A bit of banter, a bit of cheer and lots of craic.

They say that if you’re lucky enough to be Irish, then you’re lucky enough. The Irish are famous for their cultural symbols recognised and celebrated across the world. But apart from their proverbial luck, the colour green and St. Patrick’s Day, it’s a zest for life that truly defines the Irish.

Don’t be alarmed if you hear the Irish talking about “crack”. Craic, pronounced ‘Krak’, is a popular Irish expression that can’t be defined but can only be experienced. “What’s the craic” could mean many things. It’s used break the ice with a stranger, to catch up with a friend or even to say - “let’s have some fun.”

The Irish are known for their warmth and friendliness. So much so that during the Euro 2016, Irish football fans were charming their way through a rival country, making friends wherever they went and spreading joy through various good deeds. Being Irish is about celebrating life and to be a part of the festivity, all you need to do is visit an Irish pub. Always buzzing with music, stories and laughter, the pub is a great place to experience the essence of Irish culture.

While the history of Ireland made its people tenacious, they’ve also embraced the light-hearted side of life. This combination of courage and a sense of humour can be observed in everything they do. “It’ll be grand, sure!”, is an Irish saying that captures this spirit – take a shot, give it a go, whatever happens, life will be great.

The Irish have a knack for sharing and creating stories; and it is said that Irish stories are always long and never dull. It’s not surprising then that stories like the legend of Halloween, which originated in Ireland, are not only known but celebrated all over the world. In an Irish pub, you’ll invariably find yourself immersed in a tale, with every other person adding a twist to the story. Don’t be surprised if what you assumed to be fiction turns out to be true, as seen in this video.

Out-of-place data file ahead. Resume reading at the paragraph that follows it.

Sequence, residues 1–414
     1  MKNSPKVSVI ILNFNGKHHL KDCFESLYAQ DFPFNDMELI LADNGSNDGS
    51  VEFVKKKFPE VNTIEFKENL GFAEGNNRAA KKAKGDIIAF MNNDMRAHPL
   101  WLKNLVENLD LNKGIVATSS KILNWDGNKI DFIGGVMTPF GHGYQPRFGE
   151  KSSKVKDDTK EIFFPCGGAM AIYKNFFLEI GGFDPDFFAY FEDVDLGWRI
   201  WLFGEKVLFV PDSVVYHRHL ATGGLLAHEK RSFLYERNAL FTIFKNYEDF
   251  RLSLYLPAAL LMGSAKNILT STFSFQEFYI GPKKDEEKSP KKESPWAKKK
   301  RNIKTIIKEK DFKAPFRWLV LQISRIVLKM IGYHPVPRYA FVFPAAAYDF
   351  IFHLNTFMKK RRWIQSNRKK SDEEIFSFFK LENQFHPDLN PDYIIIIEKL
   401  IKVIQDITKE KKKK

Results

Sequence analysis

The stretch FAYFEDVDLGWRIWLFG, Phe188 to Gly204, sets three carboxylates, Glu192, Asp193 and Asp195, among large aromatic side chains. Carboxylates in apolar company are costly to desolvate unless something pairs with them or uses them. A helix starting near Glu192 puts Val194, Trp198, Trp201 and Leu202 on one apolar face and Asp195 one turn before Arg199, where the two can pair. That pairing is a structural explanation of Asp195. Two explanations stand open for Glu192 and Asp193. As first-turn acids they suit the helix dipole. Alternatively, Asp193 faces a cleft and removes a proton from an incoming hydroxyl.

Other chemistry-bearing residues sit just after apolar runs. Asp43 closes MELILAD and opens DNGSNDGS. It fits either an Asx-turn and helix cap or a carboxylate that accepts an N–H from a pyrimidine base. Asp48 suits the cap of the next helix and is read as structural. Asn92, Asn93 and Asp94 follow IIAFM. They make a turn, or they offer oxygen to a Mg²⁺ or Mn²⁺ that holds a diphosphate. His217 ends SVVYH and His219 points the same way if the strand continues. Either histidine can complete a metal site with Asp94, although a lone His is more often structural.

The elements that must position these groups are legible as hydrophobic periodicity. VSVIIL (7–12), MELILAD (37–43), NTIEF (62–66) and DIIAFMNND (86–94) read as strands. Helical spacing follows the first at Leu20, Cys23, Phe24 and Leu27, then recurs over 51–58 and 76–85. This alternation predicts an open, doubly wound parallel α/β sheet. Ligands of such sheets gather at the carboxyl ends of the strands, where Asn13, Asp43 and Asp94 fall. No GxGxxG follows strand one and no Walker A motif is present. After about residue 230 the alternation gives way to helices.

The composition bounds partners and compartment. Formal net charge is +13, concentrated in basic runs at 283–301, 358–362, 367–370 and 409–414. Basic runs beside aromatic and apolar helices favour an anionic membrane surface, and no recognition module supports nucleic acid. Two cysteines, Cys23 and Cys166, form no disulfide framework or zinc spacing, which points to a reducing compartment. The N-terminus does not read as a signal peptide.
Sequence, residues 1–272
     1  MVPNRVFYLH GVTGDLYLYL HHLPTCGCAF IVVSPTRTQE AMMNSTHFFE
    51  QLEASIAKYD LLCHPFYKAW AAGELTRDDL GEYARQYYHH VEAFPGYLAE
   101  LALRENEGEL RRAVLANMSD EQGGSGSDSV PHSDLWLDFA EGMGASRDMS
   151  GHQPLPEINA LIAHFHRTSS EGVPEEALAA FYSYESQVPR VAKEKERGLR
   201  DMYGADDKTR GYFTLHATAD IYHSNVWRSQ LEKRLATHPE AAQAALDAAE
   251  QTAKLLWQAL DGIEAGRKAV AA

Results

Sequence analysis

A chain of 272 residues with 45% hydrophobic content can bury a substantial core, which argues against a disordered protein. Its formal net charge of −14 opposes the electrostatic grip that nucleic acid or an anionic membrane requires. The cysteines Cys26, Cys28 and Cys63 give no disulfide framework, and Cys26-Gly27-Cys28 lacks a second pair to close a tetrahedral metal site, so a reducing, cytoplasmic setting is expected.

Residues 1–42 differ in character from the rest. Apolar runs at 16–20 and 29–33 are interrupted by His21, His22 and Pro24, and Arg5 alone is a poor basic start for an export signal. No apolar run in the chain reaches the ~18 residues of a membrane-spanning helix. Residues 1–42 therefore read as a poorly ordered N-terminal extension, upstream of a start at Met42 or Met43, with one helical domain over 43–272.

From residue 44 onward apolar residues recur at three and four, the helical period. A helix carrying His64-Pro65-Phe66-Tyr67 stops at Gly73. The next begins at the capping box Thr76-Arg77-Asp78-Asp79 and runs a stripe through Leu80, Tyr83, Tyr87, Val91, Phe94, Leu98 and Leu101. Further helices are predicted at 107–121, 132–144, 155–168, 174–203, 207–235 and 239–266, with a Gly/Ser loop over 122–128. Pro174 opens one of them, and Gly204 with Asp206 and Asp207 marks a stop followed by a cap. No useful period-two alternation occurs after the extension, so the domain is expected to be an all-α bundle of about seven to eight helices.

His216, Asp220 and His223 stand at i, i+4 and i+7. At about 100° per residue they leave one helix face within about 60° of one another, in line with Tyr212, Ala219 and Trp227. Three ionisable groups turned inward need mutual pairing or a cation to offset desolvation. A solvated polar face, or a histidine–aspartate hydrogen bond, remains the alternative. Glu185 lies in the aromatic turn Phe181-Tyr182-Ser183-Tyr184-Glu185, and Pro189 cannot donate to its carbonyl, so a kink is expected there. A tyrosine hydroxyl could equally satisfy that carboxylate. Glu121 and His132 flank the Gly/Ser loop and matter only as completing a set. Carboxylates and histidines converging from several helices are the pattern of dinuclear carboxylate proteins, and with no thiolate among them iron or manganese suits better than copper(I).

Play

From thrilling tales of Irish lads that travel from pub to pub, to the making music with anything and everything at your disposal, being Irish means being up for anything. The Irish way is incomplete without their brand of music that reverberates through family dinners, pub sessions, the streets…wherever you can pull up a stool. What gives a Trad Session in a traditional Irish pub its distinctive flavour is that there is no stage separating musicians from the listeners and anyone is welcome to join in. Jameson, a brand that has bottled the Irish spirit, has captured moments of pure Irish-ness in these short videos.

Play

Distilled in Ireland, Jameson is an integral part of the Irish social experience. In its company, one can truly sense the camaraderie of a group of lads having a night out. Whether you are in a pub or in the depths of a forest, if you’re in the company of lads, rest assured, you’re in for some adventure and a lot of craic.

This article was produced by the Scroll marketing team on behalf of Jameson and not by the Scroll editorial team.